e and soap powder, it's a different story for women. Nowhere is this more evident than in publishing, where the sales of men's magazines have grown by 54 per cent compared with a 2 per cent rise in the women's glossies. This year Loaded's circulation has

risen by 85 per cent and FHM by 218 per cent. No wonder marketeers are desperate for female equivalents. Leading the field is Minx, for young twentysomethings. Margaret Leonard, Minx's general manager, says ruefully, "We do get labelled the female Loaded for want of something else to call us." Minx readers are, apparently, as keen to know about the latest h

angover cure as they are the colour of Kate Moss's lipliner. "That's why," says Leonard, "although we deal with relationships, we've also got a section called Men In Pants and it's actually really funny. The readers love it." Minx's estimated sales are 1

85,000, so maybe they do. Yet try as you might to push the concept of the lager loutette smoking and swearing like a trooper, the joke never really hits that collective funny spot. Maybe it's just not there. Alan Lewis, editor-in-chief for Loaded and IPC's music titles, has his o

wn theory on what divides the lads and girls in the humour stakes. "There are very funny women comediennes and columnists but in magazines they still find it painful to see other women made fools of. Men's mags seem to say, 'Look at me I'm a prat.' Women

don't seem so comfortable doing that." It could be a legacy of feminism that women feel they should support rather than send up their own sex. (Perhaps that's why one of the best female parodies to date is Pauline Calf, the good-time, bleached-blonde, northern nymphette in white stillettoes c

reated by Steve Coogan.) Yet, these days nothing dates a product more than a lack of irony. Maybe that's why many of the women's magazine titles seem so terribly humour-free, so resolutely Eighties compared with their male competitors. Mandi Norwood, edi

tor of Cosmopolitan, believes that in terms of humour the male and female sensibility is different. "A lot of men's humour is based on humiliation. Women can be self-deprecating but they are turned off by cruelty. I think they're more sensitive to other people's feelings." Many women would disagree and point to Roseanne and Ruby Wax as evidence that the mega-bitch can be funny - and liberating. Meanwhile, marketing executives may find that the magic formula continues to elude them. The real reason could be that successful female humour - like successful male humour - can only filter through from the bottom up, as it were, and never vice versa. Fielding says, "You get the feeling Loaded grew naturally from a group of boys - it wasn't the brainchild of a marketing director. With Bridget Jones, I wrote down the things I thought about. Then I discovered other women felt the same way." Tina Gaudoin, editor of a new women's magazine from The Face and Arena stable which launches in September, is also following what she feels. "It's not going to be Loaded for females.," she says. "Not all women find laddish humour funny. Too often, it's m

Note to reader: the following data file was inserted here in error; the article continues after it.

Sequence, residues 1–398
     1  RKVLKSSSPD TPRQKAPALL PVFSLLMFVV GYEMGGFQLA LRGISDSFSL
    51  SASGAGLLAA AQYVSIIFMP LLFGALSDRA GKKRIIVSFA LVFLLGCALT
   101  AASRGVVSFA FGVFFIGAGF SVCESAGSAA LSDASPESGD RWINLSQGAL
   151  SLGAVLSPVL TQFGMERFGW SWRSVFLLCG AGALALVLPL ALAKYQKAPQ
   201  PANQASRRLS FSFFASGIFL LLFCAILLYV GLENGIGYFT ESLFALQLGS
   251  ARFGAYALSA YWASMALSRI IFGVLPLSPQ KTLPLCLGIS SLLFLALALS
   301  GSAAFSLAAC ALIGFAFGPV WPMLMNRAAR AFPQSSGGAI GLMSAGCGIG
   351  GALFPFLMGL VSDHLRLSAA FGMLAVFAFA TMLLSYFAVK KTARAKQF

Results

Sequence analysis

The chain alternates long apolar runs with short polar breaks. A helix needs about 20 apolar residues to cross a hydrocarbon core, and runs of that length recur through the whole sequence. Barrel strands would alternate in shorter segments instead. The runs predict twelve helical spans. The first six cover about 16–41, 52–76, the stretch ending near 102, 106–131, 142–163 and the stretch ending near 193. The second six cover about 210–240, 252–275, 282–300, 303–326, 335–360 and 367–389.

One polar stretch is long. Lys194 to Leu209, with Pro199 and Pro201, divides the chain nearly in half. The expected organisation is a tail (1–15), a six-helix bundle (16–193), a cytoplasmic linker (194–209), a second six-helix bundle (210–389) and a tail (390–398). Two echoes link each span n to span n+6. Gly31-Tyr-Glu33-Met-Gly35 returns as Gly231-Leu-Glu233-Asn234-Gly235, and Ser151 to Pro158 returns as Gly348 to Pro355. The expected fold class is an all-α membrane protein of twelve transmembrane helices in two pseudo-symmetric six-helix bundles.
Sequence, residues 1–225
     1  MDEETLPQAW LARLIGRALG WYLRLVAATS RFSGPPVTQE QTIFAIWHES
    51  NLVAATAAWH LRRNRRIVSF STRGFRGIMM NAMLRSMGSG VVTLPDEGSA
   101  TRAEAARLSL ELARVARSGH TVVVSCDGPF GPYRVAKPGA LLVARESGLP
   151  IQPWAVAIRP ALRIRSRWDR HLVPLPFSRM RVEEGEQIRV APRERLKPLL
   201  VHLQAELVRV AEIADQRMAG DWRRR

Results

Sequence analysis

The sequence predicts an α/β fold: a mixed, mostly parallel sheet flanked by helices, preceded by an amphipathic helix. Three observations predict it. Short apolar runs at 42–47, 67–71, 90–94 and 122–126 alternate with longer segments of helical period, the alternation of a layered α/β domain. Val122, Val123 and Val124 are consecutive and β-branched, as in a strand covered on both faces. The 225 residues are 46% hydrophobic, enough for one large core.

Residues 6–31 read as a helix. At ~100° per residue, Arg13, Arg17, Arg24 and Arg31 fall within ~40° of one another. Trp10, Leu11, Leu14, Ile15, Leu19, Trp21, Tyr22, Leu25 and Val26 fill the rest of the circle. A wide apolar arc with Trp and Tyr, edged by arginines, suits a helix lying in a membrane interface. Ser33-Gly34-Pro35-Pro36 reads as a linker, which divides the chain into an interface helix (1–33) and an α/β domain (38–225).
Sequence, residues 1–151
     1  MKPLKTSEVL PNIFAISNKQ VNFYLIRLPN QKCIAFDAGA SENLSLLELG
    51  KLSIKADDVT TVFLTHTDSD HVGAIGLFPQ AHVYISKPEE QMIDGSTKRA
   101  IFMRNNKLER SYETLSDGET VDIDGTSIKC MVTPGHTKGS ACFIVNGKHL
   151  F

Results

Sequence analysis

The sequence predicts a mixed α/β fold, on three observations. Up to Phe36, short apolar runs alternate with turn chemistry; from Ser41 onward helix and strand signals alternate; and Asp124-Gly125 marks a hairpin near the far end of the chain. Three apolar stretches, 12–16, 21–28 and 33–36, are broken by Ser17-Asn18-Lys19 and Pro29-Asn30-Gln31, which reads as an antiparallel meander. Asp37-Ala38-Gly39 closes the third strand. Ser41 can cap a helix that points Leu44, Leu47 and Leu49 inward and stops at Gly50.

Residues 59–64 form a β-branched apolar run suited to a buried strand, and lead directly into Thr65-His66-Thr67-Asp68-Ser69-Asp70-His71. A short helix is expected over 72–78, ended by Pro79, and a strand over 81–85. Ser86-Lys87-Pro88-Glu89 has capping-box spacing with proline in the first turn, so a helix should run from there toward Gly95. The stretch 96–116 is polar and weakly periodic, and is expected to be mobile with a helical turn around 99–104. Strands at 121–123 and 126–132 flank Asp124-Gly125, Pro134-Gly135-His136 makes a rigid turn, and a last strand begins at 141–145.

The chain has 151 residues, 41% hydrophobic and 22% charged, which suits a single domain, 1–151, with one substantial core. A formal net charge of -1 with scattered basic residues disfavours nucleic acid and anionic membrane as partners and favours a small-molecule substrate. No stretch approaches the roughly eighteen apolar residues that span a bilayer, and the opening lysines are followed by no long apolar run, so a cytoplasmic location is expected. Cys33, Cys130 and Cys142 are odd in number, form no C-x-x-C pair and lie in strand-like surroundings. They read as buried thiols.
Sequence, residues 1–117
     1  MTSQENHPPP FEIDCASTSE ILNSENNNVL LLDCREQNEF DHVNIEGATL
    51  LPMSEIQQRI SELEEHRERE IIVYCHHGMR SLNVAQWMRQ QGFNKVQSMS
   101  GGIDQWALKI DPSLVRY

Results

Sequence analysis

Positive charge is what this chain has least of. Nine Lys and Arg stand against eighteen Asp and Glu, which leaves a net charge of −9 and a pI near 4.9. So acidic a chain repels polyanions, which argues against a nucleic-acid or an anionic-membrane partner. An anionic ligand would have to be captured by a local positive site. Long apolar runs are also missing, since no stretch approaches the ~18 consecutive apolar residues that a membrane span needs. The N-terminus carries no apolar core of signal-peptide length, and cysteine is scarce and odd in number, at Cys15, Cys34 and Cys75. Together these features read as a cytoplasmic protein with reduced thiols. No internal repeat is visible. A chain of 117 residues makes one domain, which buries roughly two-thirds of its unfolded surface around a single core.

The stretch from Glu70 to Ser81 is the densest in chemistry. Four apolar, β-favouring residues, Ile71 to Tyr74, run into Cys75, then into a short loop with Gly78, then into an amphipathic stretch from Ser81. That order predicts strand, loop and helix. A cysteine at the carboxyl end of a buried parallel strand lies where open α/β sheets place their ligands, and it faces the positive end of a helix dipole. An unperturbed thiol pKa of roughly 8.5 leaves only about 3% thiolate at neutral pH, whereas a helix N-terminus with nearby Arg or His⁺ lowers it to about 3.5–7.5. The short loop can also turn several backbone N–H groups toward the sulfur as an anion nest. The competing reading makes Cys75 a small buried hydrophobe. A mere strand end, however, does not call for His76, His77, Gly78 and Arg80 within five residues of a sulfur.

en determining what we find funny; male producers, men who write the shows. I think going down the path of male humour is not the way to go." Gaudoin hopes the new title will be "tongue-in-cheek, provocative and slightly self-deprecating", although she s

ays of female humour, "No-one has got it quite right yet - nobody has really found the key." If she can pin down what a thousand marketing men have blindly missed, the last laugh really will be hers.